First-in-human phase I, dose-escalation and -expansion study of telisotuzumab vedotin, an antibody–drug conjugate targeting c-Met, in patients with advanced solid tumors

John H. Strickler, Colin D. Weekes, John Nemunaitis, Ramesh K. Ramanathan, Rebecca S. Heist, Daniel Morgensztern, Eric Angevin, Todd M. Bauer, Huibin Yue, Monica Motwani, Apurvasena Parikh, Edward B. Reilly, Daniel Afar, Louie Naumovski, Karen Kelly

Research output: Contribution to journalArticlepeer-review

35 Scopus citations


Purpose This first-in-human study evaluated telisotuzumab vedotin (Teliso-V), formerly called ABBV-399, an antibody–drug conjugate of the anti–c-Met monoclonal antibody ABT-700 and monomethyl auristatin E. Materials and Methods For dose escalation, three to six patients with advanced solid tumors were enrolled in eight cohorts (0.15 to 3.3 mg/kg). The dose-expansion phase enrolled patients with non–small-cell lung cancer (NSCLC) with c-Met–overexpressing tumors (c-Met positive; immunohistochemistry membrane H-score $ 150). Patients received Teliso-V monotherapy intravenously on day 1 once every 3 weeks. Safety, tolerability, pharmacokinetics, and maximum tolerated dose were determined. Results Forty-eight patients were enrolled (median age, 65 years; 35.4% NSCLC; median four prior therapies). One patient each in the 3.0-mg/kg (n = 9) and 3.3-mg/kg (n = 3) cohorts experienced dose-limiting toxicities. Although the maximum tolerated dose was not formally identified, the recommended phase II dose was defined as 2.7 mg/kg on the basis of overall safety and tolerability. The most frequent treatment-emergent adverse events (any grade) were fatigue (42%), nausea (27%), constipation (27%), decreased appetite (23%), vomiting (21%), dyspnea (21%), diarrhea (19%), peripheral edema (19%), and neuropathy (17%). The most frequent Teliso-V–related grade $ 3 adverse events were fatigue, anemia, neutropenia, and hypoalbuminemia (4% each). Teliso-V and total antibody pharmacokinetics were approximately dose proportional, with a mean harmonic half-life of 2 to 4 days each. Prospective screening identified 35 (60%) of 58 patients with c-Met–positive NSCLC. Of 16 patients with c-Met–positive NSCLC who were treated with Teliso-V 2.4 to 3.0 mg/kg, three (18.8%; 95% CI, 4.1% to 45.7%) achieved a partial response (median response duration, 4.8 months; median progression-free survival, 5.7 months; 95% CI, 1.2 months to 15.4 months). No other patients experienced a response. Conclusion Teliso-V monotherapy demonstrated favorable safety and tolerability profiles, with encouraging evidence of antitumor activity in patients with c-Met–positive NSCLC.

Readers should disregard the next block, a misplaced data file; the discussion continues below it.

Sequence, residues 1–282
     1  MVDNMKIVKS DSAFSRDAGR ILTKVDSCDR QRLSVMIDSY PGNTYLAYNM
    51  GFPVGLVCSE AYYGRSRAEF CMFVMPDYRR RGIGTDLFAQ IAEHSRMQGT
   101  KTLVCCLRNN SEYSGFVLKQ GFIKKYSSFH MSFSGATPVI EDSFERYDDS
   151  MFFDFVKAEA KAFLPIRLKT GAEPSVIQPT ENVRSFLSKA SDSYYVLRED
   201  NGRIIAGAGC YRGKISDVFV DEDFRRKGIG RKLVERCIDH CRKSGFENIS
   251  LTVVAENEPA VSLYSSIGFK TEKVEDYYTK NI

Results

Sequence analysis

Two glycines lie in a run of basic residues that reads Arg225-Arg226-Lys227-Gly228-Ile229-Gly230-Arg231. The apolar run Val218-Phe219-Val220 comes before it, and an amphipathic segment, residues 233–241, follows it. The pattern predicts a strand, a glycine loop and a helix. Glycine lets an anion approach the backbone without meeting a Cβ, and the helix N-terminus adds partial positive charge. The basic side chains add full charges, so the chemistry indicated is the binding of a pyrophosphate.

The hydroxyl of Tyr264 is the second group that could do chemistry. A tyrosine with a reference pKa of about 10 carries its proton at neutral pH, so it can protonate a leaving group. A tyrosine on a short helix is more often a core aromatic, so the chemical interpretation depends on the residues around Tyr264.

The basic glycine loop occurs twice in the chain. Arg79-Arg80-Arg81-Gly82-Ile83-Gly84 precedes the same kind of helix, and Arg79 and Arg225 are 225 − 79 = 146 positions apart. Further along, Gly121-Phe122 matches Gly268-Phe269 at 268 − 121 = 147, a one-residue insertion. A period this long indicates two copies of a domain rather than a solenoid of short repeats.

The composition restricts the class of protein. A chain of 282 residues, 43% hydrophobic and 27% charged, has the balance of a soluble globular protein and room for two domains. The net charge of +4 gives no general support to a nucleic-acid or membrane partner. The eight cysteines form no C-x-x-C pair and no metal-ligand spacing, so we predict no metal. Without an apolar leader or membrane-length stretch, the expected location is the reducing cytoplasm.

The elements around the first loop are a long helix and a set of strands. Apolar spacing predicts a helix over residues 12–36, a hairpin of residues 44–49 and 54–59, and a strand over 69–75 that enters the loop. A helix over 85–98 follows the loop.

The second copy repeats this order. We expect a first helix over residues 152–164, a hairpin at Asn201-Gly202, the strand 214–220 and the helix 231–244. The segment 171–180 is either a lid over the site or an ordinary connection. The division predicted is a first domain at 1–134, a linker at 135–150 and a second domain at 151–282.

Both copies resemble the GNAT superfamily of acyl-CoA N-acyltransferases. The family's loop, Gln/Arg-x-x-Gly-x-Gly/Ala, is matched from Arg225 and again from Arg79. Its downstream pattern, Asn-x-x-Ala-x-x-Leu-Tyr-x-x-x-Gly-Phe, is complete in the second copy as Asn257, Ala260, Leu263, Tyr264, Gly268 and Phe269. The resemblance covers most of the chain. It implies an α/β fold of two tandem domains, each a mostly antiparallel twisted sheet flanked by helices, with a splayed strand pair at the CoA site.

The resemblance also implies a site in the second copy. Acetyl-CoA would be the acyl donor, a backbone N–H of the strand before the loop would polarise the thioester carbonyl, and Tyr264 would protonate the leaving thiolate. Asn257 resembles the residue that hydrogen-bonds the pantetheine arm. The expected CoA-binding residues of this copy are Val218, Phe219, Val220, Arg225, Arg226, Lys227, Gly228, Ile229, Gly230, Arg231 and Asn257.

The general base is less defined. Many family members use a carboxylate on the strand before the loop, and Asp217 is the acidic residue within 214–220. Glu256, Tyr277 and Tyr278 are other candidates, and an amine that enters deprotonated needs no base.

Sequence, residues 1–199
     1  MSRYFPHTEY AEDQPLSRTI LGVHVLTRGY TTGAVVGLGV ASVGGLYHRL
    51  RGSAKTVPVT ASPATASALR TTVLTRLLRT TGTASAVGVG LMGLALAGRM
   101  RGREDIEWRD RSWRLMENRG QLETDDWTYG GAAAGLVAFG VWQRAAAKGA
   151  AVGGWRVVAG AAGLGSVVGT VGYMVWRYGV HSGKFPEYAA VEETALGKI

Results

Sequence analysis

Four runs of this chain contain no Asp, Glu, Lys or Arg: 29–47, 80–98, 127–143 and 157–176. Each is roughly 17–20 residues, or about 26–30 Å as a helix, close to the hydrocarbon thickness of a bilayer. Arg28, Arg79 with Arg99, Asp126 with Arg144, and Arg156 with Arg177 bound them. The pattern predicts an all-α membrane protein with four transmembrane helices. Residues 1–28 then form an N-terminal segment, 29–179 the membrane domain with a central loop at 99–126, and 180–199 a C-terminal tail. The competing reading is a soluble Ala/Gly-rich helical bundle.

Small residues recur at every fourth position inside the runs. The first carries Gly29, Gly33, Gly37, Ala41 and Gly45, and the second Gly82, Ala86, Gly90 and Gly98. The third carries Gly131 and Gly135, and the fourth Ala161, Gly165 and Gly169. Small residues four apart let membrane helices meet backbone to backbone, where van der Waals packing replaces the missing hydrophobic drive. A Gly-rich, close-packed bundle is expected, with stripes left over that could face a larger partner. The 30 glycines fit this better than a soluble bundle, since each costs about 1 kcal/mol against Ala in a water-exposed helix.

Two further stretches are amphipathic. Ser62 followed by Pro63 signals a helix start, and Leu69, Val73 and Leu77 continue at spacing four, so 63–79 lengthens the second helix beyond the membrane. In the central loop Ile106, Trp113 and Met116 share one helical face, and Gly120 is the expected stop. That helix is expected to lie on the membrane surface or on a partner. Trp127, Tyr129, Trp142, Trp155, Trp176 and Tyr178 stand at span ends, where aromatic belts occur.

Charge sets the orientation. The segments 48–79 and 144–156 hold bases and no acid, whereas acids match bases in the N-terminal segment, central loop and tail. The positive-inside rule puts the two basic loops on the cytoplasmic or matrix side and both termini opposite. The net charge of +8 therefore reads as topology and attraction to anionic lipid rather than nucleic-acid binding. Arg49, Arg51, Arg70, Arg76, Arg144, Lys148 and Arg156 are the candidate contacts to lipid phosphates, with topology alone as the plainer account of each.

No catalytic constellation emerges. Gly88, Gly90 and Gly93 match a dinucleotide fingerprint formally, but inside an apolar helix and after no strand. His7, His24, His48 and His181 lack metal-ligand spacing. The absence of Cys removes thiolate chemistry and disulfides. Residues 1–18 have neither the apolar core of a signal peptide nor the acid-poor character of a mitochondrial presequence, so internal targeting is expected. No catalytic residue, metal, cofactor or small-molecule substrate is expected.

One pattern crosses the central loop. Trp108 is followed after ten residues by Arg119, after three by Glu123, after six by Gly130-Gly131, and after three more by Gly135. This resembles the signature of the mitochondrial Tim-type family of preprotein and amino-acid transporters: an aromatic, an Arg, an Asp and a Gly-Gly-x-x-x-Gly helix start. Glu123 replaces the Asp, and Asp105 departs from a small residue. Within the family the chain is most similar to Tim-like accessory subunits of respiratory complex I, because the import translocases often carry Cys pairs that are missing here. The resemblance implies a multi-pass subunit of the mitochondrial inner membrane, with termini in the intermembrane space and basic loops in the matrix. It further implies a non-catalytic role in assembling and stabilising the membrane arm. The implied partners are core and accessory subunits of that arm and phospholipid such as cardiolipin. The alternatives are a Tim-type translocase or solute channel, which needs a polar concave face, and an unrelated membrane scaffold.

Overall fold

Original languageEnglish (US)
Pages (from-to)3298-3306
Number of pages9
JournalJournal of Clinical Oncology
Issue number33
StatePublished - Nov 20 2018

ASJC Scopus subject areas

  • Oncology
  • Cancer Research


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